PaperBackSwap Blog


Free Book Friday!

July 25th, 2014

 

This weeks Free Book Friday prize is:

Call the Midwife: A Memoir of Birth Joy and Hard Times

by Jennifer Worth

At the age of twenty-two, Jennifer Worth leaves her comfortable home to move into a convent and become a midwife in post war London’s East End slums. The colorful characters she meets while delivering babies all over London – from the plucky, warm-hearted nuns with whom she lives to the woman with twenty-four children who can’t speak English to the prostitutes and dockers of the city’s seedier side – illuminate a fascinating time in history. Beautifully written and utterly moving, Call the Midwife will touch the hearts of anyone who is, and everyone who has, a mother.

ISBN 9780143123255, Trade Size Paperback

There are currently 63 members wishing for this book. 1 lucky member will win a brand-new Hardcover copy.

 

To enter, simply leave a comment on this Blog post. You must be a PaperBackSwap member to win.

 

 We will choose 1 winner at random from comments we receive here on the Blog from PBS members.

 

You have until Sunday, August 3, 2014 at 12 noon EDT, to leave a comment.

 

Good Luck to everyone!

 

 

 

 

 

Note: All the books given away on Free Book Friday are available in the PBS Market. We have thousands of new and new overstock titles available right now, with more added hourly. Some of the prices are amazing – and you can use a PBS credit to make the deal even better!

 

 

 

 

 

 

Mystery Monday – The Passenger From Scotland Yard

July 21st, 2014

The Passenger from Scotland Yard by H. Freeman Wood

 

Review by Matt B. (BuffaloSavage)

The opening chapters feature the shenanigans on the overnight mail train to Dover and the crossing of the English Channel. Wood deliberately obscures what the five passengers are up to so we readers stay on guard. After a killing comes out of the blue, we wonder if the book will focus on the murder or the diamond theft.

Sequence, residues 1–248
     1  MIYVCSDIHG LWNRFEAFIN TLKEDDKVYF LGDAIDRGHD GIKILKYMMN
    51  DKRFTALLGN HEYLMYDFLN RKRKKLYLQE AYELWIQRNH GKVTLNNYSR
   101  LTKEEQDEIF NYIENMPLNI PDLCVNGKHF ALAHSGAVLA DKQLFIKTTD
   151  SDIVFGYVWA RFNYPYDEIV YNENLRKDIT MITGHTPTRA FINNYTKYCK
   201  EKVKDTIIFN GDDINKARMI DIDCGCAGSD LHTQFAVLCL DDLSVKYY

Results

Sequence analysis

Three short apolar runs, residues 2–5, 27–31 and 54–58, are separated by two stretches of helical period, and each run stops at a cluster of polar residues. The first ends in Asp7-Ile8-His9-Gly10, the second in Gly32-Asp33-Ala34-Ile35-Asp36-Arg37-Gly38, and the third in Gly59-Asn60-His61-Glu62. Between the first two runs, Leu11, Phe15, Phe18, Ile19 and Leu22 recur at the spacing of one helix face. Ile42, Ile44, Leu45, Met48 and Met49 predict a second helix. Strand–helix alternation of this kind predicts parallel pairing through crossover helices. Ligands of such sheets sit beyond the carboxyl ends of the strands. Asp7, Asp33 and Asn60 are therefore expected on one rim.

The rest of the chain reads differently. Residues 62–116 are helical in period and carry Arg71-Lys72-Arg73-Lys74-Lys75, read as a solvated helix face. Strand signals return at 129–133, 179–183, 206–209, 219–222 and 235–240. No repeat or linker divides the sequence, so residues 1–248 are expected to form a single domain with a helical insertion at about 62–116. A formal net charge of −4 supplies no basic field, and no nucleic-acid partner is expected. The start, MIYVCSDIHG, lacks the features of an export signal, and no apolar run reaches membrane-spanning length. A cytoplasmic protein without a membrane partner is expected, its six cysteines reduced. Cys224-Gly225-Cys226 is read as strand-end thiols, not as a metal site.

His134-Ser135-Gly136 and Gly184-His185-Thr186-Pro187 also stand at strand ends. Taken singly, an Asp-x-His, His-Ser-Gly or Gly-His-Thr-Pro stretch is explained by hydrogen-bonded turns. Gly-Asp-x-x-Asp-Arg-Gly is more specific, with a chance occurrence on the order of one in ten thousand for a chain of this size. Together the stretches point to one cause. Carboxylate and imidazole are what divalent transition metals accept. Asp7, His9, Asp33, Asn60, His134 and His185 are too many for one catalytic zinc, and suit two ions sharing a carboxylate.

Reading an early mystery, I had prepared myself for Victorian verboseness and digressions. I was pleasantly surprised by the tightly constructed plot. The characterization of the Scotland Yard man Byde, the fence Grandpa, the pickpocket Bat, and his vicious mentor St. John held my rapt attention. Only mildly stagey and wordy, the intricate and subtle conversations were enjoyable to read. The author feels affectionate toward Byde’s touching belief in education, especially the use of Euclidean geometry to consider and eliminate suspects. Mathematics fans will like Wood’s implicit assertion that training in math fosters clear thinking, a skill and habit that can be transferred to other areas of life.

The evocation of traveling by train in the 1880s is not the only effective period re-creation in the novel. Wood must have lived in Paris during that time because his believable descriptions of the people and places are full of life. Back then, when the cops were unable to identify a corpse, they would expose the remains at the morgue near Notre Dame so that worried friends and relative and perhaps curiosity-seekers and tourists too could stroll by and recognize the departed. I find descriptions like this most worthy tangents:

“Passing to the rear of the cathedral, and skirting the little gardens which there lie, the inspector and his companions saw that groups of idlers had already congregated in front of the Morgue. Persons were also approaching from the bridges on both sides, and others were ascending the two or three steps at the entrance to the building. Visitors who had satisfied their curiosity lounged through the doorway, and down the steps, and augmented the knots of debaters scattered along the pavement. Some of the women and children were cracking nuts and eating sweetmeats, purchased from itinerant vendors who had stationed their barrows at the side of the road. One hawker was endeavouring to sell bootlaces; another was enumerating the titles of the comic songs which he exhibited in cheap leaflets, strung together on a wooden frame.”